important conversations

Two bloggy friends have opened up important (yet tough) conversations on two topics close to my heart: Steve Bogner on Liturgy and Julie Viera, IHM on perceptions and assumptions about nuns.

New Translations
For those who don't know, our experience at mass is about to change BIG time. The folks in Rome have decided to implement a new literal translation of the liturgy. There's an excellent article by Bishop Donald Trautman in last week's America magazine on the topic. It's worth hunting down a copy if you can. For example, here's the new prayer over the gifts for the Advent Season:
Accept, O Lord, these gifts,
and by your power change them
into the sacrament of salvation,
in which the prefiguring sacrifices of the Fathers have an end
and the true Lamb is offered,
he who was born ineffably of the inviolate Virgin.
"Prefiguring? " "Ineffably?" "Involate?" Other great words in the new translation include "gibbet," "sullied," "suffused," and "consubstantial." As Bishop Trautman says in the article: "If the language of the liturgy is inaccessible, how can liturgy catechize and convey the reality of the living, risen Son of of God in the Eucharist?"

Or as Steve Bogner says in his post: "O
f all the issues facing the church today – and there are plenty of big, serious ones – why in the world is... who's in charge of this thing? - why are 'they' spending precious time and resources on such a project that will further alienate and distance people from the Mass?" Read more on Steve's blog...

Nuns: Perceptions & Assumptions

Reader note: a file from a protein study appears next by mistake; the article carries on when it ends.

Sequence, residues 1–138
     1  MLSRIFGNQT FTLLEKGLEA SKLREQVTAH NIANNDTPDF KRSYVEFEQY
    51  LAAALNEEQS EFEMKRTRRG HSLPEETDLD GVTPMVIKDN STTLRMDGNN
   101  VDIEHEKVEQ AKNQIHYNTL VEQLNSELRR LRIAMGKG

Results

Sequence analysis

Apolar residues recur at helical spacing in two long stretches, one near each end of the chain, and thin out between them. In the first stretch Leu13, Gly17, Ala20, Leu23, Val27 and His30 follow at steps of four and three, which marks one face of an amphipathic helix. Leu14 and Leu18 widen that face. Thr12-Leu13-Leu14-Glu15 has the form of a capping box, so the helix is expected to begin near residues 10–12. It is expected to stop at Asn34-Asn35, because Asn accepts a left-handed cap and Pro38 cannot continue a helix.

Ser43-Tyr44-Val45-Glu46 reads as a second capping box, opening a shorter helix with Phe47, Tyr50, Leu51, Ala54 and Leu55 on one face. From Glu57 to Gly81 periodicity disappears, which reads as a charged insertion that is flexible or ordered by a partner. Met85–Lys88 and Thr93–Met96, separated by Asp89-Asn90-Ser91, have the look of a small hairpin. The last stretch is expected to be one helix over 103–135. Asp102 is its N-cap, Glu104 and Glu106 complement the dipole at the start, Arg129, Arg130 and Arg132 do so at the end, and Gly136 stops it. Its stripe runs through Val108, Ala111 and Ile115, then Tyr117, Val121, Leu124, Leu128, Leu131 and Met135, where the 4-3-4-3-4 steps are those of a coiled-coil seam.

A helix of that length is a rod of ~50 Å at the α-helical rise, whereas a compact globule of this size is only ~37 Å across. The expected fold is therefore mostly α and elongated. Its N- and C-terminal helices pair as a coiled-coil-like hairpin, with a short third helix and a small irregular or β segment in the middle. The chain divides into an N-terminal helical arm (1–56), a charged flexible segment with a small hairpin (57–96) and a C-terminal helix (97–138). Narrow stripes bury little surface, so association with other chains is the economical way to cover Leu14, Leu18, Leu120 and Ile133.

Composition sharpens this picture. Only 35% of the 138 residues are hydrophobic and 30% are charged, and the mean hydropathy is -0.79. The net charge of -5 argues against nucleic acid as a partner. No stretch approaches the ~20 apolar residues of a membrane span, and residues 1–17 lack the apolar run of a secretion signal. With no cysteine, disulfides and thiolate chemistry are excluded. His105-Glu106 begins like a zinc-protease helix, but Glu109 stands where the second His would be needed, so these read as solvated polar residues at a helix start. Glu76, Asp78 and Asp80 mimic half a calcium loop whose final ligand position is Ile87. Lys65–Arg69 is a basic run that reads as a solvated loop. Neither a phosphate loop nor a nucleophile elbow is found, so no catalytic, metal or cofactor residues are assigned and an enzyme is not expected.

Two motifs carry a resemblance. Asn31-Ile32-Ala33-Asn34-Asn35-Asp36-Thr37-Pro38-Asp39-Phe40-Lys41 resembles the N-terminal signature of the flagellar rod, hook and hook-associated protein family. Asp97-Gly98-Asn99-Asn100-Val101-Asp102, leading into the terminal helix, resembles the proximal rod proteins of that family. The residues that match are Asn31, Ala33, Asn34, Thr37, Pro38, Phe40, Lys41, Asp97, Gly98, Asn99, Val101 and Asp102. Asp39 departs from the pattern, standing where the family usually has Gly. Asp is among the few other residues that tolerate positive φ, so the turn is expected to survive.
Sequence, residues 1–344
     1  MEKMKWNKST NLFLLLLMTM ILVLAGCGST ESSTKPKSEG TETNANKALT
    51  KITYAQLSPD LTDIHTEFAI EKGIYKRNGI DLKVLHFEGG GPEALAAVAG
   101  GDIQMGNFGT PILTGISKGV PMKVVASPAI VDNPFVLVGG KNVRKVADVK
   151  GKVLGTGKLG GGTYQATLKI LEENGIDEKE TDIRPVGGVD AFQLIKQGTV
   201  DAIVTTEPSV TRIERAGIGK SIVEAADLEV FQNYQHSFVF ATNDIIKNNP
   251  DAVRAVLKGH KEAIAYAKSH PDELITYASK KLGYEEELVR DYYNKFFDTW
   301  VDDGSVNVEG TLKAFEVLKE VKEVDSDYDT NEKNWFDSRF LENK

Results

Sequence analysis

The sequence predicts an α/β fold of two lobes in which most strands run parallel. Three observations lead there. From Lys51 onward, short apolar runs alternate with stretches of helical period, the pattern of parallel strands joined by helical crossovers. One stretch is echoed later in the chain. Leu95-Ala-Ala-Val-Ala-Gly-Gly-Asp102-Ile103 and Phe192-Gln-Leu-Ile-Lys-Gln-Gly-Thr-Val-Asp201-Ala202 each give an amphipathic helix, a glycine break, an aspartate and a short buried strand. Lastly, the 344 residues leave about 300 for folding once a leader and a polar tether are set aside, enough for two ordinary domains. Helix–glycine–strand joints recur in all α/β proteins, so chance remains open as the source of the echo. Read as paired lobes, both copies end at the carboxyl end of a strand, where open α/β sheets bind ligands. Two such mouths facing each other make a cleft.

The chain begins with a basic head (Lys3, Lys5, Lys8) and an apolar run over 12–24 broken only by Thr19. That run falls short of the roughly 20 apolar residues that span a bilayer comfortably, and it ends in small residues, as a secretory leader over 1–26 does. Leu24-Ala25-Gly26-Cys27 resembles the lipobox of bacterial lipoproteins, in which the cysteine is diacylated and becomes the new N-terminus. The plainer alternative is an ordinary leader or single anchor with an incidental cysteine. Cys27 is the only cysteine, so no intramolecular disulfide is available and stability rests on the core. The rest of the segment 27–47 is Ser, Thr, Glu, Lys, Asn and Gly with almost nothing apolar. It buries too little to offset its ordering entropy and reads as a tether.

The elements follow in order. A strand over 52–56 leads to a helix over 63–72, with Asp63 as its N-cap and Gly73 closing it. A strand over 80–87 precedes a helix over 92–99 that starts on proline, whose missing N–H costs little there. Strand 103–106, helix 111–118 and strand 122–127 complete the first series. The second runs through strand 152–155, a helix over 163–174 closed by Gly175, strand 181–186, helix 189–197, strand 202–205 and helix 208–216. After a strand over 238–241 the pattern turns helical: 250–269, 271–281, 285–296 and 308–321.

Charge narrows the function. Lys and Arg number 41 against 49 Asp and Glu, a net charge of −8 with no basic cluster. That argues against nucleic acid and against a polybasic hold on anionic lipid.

Sister Julie Viera has a post responding to a reader's comment about Nuns being "too wordly" and not wearing habits anymore. I must say I am impressed with Julie's wilingness to open up the discussion about perceptions and assumptions of nuns. There's quite a conversation going on over there that's worth a look.


Anonymous said...

I, too, found Julie's post interesting -- but for much different reasons than you, I'd imagine. The who issue of habits / not habits is, by now, entirely moot. For all practical purposes, nuns no longer have a significant role in the American Church. Look at the comment's to Julie's post -- those who knew nuns knew them years ago (they seem to be referring to their education in the 1960s or early 70s). One person writes that she's met only one nun personally. I am 37 and had the good fortune of being educated by excellent nuns in grade school, but not high school. Most of my contemporaries did not have that and have never met a nun. Most of the children in my parish school have never even seen, let alone met a nun. I agree with you that one can't judge by numbers -- however, there's no denying that sisters simply don't have any role at all in the lives of the vast, vast majority of American Catholics. I don't mean that to be critical, just stating a fact.